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Courage Of Convictions

Austria manager Josef Hickersberger is about to embark on the most important few weeks of his career during EURO 2008 on home soil and over the border in Switzerland. Yet some people are still not convinced by -him and his young team …
Of course he heard it. Josef Hickersberger is not deaf. And he certainly was not able to simply ignore it. Even Hickersberger, one of the calmest managers around, could not shrug his shoulders and let the entire crowd in Vienna’s Ernst Happel Stadium mock him and chant “Hicke out!”. “Of course it hurt,” he admits. “But it comes with the territory. Anyway, calls for the manager’s head are not just an Austrian thing … even Jurgen Klinsmann was booed by his own fans just a few months before the FIFA World Cup™. Afterwards, the whole country adored him.”
Josef Hickersberger has not exactly had it easy. His job is not easy either. When he took over some two-and-a-half years ago, Austrian football was in the doldrums. Clubs were going bust and having a torrid time in Europe, and the national team was languishing in the middle of the FIFA/ Coca-Cola World Ranking, jockeying for position around 90th place with the likes of Cuba and Armenia. “I didn’t really think about how hard it would be,” he says now. “I just wondered how long it would take us to build a team capable of holding theit own against the best in the wotld.”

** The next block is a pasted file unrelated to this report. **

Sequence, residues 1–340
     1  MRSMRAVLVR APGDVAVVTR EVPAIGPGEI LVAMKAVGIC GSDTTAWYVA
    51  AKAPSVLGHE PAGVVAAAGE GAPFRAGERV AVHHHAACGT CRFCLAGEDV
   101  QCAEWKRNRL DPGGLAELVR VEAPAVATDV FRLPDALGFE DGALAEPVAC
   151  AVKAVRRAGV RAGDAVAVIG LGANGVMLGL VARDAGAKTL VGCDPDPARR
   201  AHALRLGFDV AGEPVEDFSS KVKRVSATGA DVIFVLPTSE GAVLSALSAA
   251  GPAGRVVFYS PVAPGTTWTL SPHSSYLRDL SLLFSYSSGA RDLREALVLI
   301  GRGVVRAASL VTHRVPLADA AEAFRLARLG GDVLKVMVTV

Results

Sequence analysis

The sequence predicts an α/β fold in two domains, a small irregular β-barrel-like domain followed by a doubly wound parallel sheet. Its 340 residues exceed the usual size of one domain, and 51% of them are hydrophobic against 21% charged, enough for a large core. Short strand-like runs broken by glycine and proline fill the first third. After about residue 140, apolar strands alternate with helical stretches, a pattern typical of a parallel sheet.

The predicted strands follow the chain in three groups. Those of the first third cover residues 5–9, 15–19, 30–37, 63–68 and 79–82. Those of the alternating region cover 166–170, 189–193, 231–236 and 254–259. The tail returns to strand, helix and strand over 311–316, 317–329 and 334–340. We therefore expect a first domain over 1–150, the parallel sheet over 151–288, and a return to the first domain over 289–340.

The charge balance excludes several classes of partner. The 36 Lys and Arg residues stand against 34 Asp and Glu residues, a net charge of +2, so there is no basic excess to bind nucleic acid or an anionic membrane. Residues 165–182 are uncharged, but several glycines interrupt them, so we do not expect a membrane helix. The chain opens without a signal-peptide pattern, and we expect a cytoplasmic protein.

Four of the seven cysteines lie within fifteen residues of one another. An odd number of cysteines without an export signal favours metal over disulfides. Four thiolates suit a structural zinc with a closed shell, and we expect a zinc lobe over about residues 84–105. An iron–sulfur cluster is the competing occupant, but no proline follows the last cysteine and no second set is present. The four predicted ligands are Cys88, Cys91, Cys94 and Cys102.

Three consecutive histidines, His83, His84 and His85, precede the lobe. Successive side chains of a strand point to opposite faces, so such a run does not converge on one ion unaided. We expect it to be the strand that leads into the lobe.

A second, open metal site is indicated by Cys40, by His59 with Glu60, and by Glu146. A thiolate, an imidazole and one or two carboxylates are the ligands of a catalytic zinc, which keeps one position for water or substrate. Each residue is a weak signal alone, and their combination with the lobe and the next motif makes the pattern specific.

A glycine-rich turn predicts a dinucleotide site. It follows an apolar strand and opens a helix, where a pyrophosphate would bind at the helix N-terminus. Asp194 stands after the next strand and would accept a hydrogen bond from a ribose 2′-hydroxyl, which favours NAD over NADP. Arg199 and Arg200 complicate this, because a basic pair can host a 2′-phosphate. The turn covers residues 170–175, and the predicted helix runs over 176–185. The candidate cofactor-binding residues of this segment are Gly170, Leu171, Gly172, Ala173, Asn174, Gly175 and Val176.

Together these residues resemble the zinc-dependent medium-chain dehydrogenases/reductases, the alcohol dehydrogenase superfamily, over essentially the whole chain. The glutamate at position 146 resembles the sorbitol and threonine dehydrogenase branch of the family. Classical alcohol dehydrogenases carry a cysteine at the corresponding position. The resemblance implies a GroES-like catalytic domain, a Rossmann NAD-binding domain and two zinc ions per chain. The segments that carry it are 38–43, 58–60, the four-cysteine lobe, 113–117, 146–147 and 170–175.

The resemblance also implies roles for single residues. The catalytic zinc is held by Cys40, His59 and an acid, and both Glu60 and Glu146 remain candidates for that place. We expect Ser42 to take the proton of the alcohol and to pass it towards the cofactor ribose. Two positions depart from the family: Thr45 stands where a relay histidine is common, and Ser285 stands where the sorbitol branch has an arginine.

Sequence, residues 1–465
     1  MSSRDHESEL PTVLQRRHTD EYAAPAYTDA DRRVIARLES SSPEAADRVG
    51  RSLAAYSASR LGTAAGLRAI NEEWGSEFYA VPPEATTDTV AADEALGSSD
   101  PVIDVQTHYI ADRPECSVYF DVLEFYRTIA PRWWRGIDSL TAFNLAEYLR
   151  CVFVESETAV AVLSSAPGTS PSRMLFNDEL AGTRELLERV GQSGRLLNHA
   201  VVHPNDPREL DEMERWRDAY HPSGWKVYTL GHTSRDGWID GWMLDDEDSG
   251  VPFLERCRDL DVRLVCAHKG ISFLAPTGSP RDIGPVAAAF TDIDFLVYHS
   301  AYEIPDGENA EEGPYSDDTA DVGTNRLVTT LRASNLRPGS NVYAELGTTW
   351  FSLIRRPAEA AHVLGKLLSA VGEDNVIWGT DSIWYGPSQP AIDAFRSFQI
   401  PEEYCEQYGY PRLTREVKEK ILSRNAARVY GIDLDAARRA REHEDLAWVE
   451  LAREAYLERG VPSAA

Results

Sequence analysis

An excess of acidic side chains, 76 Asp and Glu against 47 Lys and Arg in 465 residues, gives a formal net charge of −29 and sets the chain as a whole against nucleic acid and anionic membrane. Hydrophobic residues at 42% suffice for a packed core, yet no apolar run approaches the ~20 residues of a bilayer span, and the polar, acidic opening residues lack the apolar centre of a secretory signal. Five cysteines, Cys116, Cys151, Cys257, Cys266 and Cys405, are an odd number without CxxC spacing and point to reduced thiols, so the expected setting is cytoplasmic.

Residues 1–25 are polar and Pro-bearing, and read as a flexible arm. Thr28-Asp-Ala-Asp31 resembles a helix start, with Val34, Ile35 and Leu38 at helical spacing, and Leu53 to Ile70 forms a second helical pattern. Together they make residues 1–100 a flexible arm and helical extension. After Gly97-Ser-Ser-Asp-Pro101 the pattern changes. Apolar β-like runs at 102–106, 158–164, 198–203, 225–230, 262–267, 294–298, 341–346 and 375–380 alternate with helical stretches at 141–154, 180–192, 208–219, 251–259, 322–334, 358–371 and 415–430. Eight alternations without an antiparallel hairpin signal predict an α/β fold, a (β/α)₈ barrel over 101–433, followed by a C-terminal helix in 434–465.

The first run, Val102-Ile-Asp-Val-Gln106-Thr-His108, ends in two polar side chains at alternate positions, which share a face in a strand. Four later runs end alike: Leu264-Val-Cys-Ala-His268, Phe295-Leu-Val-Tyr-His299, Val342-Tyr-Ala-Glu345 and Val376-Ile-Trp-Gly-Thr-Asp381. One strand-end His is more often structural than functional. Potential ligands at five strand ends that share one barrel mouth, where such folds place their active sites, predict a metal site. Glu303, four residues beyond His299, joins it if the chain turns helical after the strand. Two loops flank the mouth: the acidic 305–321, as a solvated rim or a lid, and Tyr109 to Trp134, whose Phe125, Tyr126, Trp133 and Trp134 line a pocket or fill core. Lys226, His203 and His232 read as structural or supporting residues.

Hicketsberget used his first two years for experiments, taking a look at about 50 players and trying various formations and systems while taking the rough (a 1-0 loss to Venezuela and a 2-0 defeat by Chile) with the smooth (a 3-2 win over Cote d’lvoire and a 2-1 victory over fellow EURO 2008 hosts Switzerland). 2007 was to prove a black year for Austria, however, with only a solitary victory. “It goes without saying that I wasn’t always happy with the results,” says Hickersberger, “but I look at our matches and results differently. For me, the key date is 8 June 2008.” That is when Austria will play their first match in “their” tournament.
That explains why Austria’s boss will not be affected by whistles and cat-calls from the crowd or by criticism from pundits or fellow managers. “I know that many people think it is wrong for me to be so calm and composed when so many of our fans are panicking … but I am a patient person.” He has plotted Austria’s route to the EURO and has no intention of changing it now, even though others are worried and in some cases even angry. Since taking over in 2006, Hickersberger has injected a lot of young blood into his team by introducing players that nobody had heard of before they took last year’s FIFA U-20 World Cup in Canada by storm, reaching the semi-finals and winning a whole legion of new fans back home in the process. Youngsters like Sebastian Prodi, who will move to Werder Bremen after EURO 2008, Martin Harnik, Veli Kavlak and Erwin Hoffer are the figureheads of the new, fearless Austrian future, which will actually begin at the European Championship because Hickersberger is steadfastly refusing to heed constant “advice” to bring veterans such as 38-year-old Ivica Vastic, Austrian player of the year in 2007, or Didi Kuhlbauer, who at 36 is still one of the best Austrian midfielders around, back into the fold. “I don’t believe in doing something just for the sake of it. It would be a mistake for us to change our plans now,” he insists.